VBScript - Using command line parameters

Last week, we finished our introduction to Looping using For...Next

statements. As promised, this week we examine how to retrieve

information from the command line.

For our example, let's assume you want to pass a list of server names

from the command line to your program so that you can perform some

actions to each of these servers. You can also do this by reading from a

file (which we'll discuss in a future article), but for now, assume that

you only have 5-10 server names that you want to pass to your program.

To do this, we must take advantage of the 'Wscript.Arguments' object.

This object gathers all of the additional information from the command

line and parses it out for your use. To see how this works let's write

some code that shows us how this is accomplished.

Here is the code for the above example:

------------------- Begin Code Snippet -------------------

If WScript.Arguments.Count = 0 Then

Wscript.Echo "Usage: CScript.exe CommandLine.vbs server1 [server2]

[server3] ..."

WScript.Quit

End If

'Print Each Command Line Argument Separately

For i = 0 to (WScript.Arguments.Count - 1)

Wscript.Echo "Argument number " & i & " is: " & WScript.Arguments(i)

Next

-------------------- End Code Snippet --------------------

Now this simple program will just display each of the command line

arguments that you passed to your program. However, it is easy to add to

this sample code and use each of the arguments within your code by using

the statement 'Wscript.Aruguments(i)' where 'i' is the number of the

argument that you want to reference.

If you copy the above code snippet into a text file, save it as

c:\scripts\CommandLine.vbs, open a command prompt and then type the

following:

cscript c:\scripts\CommandLine.vbs

You will see the following output:

------------------- Begin Output -------------------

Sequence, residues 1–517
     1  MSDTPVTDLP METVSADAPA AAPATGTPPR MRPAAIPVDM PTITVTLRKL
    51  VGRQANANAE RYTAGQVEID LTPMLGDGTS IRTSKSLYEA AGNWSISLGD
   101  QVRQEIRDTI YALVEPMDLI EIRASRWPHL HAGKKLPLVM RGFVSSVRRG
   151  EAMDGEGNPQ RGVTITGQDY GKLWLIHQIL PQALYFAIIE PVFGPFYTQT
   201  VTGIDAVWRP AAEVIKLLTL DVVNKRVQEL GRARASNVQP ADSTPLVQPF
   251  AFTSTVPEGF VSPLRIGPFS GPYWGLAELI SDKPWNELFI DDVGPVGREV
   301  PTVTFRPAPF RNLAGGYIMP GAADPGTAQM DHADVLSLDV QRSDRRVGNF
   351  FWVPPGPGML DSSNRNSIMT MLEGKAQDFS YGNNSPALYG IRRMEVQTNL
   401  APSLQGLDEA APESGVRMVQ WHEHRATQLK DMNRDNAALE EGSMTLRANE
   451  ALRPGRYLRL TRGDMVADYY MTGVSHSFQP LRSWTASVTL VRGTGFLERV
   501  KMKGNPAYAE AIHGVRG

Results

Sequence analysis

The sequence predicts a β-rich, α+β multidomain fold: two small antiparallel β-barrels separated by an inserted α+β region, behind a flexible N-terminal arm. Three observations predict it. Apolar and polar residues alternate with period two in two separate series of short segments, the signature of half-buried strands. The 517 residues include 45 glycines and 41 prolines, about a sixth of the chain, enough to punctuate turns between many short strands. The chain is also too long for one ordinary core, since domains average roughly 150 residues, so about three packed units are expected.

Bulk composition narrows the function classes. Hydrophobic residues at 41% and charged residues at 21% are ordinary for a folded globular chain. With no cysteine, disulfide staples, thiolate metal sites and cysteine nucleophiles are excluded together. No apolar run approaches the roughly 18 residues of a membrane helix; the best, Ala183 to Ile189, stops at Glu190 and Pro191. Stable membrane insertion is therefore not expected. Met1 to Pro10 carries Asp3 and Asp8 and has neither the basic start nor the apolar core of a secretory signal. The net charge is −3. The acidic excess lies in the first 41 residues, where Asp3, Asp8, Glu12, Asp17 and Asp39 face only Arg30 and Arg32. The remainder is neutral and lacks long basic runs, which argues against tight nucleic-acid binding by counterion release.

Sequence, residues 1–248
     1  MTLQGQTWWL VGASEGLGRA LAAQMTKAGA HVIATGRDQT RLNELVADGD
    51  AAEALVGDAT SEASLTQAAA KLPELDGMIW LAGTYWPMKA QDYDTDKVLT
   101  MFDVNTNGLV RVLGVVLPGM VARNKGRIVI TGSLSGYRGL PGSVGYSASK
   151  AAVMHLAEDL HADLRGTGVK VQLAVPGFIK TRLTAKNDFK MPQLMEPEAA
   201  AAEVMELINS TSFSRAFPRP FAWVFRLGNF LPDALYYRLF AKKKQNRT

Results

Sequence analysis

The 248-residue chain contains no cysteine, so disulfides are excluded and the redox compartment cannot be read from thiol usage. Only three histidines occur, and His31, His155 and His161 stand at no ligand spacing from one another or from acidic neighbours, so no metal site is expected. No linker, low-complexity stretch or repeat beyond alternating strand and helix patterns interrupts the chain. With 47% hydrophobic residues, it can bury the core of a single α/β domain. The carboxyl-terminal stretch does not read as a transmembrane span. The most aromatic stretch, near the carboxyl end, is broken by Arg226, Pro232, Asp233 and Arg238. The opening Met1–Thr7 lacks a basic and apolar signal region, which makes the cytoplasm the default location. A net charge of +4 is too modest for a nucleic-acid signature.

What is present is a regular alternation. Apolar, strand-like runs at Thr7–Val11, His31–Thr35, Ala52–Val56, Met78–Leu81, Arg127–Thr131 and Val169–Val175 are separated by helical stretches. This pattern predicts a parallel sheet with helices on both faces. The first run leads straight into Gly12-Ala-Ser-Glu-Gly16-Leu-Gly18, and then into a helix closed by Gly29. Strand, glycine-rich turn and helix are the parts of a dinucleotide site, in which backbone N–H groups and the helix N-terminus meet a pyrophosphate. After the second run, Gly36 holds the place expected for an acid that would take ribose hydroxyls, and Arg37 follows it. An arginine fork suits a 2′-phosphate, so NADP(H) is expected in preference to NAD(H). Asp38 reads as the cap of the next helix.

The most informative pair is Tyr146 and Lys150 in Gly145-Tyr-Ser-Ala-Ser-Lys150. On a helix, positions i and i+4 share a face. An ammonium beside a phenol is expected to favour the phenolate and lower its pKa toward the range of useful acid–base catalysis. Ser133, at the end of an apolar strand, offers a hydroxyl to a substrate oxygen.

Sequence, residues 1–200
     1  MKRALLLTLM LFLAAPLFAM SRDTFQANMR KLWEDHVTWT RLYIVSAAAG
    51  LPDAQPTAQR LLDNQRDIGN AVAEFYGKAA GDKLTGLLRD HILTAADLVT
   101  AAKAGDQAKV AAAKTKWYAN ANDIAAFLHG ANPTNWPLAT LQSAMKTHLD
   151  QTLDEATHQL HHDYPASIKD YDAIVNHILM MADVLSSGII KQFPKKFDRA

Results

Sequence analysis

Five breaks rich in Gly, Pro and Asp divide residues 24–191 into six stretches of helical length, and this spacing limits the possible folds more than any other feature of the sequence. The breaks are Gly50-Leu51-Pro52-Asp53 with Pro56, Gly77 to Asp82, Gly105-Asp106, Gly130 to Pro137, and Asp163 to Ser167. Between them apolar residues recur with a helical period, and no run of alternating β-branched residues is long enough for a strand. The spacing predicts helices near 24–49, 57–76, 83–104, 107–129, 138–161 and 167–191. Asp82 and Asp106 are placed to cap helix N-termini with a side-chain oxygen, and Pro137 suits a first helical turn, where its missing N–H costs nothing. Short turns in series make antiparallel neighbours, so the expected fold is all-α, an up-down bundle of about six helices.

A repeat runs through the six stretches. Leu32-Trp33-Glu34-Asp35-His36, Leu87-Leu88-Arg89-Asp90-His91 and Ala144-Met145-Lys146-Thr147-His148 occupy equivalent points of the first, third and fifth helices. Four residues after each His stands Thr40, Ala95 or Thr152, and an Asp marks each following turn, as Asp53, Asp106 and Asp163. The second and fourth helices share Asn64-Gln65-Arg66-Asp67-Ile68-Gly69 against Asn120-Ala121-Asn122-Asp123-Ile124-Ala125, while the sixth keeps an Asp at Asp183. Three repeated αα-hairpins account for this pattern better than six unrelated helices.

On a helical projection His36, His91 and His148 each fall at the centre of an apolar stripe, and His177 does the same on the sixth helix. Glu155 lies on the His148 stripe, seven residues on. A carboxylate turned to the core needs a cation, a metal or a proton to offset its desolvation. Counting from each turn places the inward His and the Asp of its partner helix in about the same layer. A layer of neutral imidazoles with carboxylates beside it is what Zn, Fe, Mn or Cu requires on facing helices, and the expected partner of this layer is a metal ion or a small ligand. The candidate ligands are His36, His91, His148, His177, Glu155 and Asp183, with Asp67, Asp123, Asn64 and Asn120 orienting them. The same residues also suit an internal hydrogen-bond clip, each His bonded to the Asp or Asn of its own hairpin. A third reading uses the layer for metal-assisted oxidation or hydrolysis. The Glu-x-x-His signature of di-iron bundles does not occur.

Microsoft (R) Windows Script Host Version 5.6

Copyright (C) Microsoft Corporation 1996-2001. All rights reserved.

Argument number 0 is: serverName1

Argument number 1 is: serverName2

Argument number 2 is: serverName3

--------------------- End Output -------------------

Let's step through the code to see what is happening. The first section

of code contained within the familiar If...Then...Else statement just

verifies that some arguments have been passed to the script. If no

arguments have been passed, then a message on how to use the script is

displayed. It is recommended that this be used in all programs that

expect some sort of argument to be given by the user. It makes it easier

for the user of the script to know what to do.

The next part of code uses the familiar For...Next loop (see last week's

article). Basically, we loop through all of the command line arguments

one by one, until we reach the last one. Two important things to note.

First, arguments are indexed starting at 0. However, the

'Wscript.Arguments.Count' statement returns the number of arguments (in

our example 3). In order to reference all of the arguments starting at

0, we must subtract 1 from our Count to get the last argument. In other

words, the first argument on the command line is referenced by

'WScript.Arguments(0)', the second one by 'WScript.Arguments(1)', and so

on.

After we have displayed all of our arguments, we exit the program.

As mentioned above, instead of just displaying our arguments, we could

have easily referenced each of them and performed any number of actions

using the argument.

Using arguments passed via the command line is very common to scripts

used by system administrators, so having the knowledge on how to do this

is very useful.

Next week we will begin discuss commenting your code.

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